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5/3/15blog post

is Cinderella bad for kid's mental health?

On one level, the recent Disney version of Cinderella is absolutely delightful! This is a sweet movie of young Ella following her mom’s dying advice to “have courage and be kind,” even when confronted with adversity.

Ella falls in love with a prince and all ends well.

However, Ella is a dreadfully offensive role model for children, particularly young girls. Ella’s behavior represents a terrible way to deal with abusive relationships.

The death of Ella’s father leaves her in the care of stepmother, who immediately begins to abuse and humiliate young Ella. After working endlessly to complete household chores, Ella sleeps near the fireplace, leaving some dark ash on her cheeks. Her stepsisters use her physical appearance to further degrade this young girl.

One stepsister suggests that Ella be called to “Dirty Ella,” while another recommends “Cinder Wench.” When they finally settle on “Cinder-Ella” as a way to shame her, the stepmother responds, “Oh girls! You are so clever!”

Ella’s response is typical of abuse victims. She passively accepts this humiliation. Even when relegated to the attic of the house, Ella says little other than to constantly remind herself of her mother’s advice.

As a psychologist who works with abused and neglected children, this is an uncomfortable movie to watch. Ella is subject to constant degradation. When she sews a dress for the ball, her stepmom rips it up. When the stepmother finds the glass slipper in Ella’s room, she smashes it to reaffirm Ella’s subservient role. “A ragged servant girl is what you are and what you will always be.”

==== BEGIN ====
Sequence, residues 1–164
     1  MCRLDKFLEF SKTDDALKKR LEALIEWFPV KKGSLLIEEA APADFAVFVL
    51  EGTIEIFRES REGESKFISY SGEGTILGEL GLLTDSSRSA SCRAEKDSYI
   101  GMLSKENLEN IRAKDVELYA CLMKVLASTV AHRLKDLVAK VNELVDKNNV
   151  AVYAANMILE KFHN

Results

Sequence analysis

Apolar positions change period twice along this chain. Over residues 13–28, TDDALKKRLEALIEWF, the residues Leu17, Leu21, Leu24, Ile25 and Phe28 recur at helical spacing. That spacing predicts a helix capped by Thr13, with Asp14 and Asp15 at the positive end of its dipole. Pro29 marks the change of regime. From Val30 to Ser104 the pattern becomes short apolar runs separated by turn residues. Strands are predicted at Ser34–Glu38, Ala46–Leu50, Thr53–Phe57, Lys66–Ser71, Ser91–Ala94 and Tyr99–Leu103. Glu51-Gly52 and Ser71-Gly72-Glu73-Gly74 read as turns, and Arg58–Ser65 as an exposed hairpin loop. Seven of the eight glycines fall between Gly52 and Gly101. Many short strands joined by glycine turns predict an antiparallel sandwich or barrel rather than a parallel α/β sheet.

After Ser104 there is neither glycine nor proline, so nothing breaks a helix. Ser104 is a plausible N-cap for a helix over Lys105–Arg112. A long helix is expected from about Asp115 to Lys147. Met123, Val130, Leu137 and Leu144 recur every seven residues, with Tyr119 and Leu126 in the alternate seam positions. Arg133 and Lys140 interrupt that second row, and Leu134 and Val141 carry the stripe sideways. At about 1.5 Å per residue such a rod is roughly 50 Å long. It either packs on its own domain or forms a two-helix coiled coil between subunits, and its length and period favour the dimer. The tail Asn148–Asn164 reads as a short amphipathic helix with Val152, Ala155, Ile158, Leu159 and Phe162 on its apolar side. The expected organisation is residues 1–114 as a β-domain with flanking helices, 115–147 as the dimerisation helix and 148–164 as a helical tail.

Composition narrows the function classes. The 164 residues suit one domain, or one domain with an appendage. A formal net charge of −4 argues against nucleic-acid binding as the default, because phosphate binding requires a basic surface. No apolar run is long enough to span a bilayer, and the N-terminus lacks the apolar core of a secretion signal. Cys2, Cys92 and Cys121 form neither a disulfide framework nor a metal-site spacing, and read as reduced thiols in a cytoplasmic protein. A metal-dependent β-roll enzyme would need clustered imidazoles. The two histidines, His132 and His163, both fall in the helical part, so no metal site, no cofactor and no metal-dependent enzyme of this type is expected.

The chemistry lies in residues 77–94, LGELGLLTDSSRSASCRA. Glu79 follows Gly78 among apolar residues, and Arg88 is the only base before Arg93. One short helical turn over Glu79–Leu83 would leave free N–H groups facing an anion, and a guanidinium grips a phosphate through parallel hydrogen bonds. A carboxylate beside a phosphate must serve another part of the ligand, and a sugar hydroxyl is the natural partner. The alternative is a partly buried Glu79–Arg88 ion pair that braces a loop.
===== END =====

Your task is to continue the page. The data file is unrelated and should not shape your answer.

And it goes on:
How does Ella respond to such abuse? Her character is portrayed as consistently submissive and obedient. She remains incredibly polite and passive when confronted by ridicule and treated with disdain.

This is not the way we want our children, particularly our daughters, to respond to abusive relationships.

It struck me as odd that Ella kept repeating her mom’s advice of “have courage and be kind” throughout the movie. For Ella, being kind was equated with being submissive to the abuse of her step-family.

Wouldn’t it have been an interesting movie if Ella had taken her mother’s advice of having courage and applied that to her abusive situation? It would have taken some audacity for Ella to figure out a way to respond effectively to her abusive situation.

Rather than being rescued by a strange man she met in the forest, what if Ella somehow used her wit and wisdom to free herself from her sadistic stepfamily?

That’s the kind of movie we’d really want our kids to experience.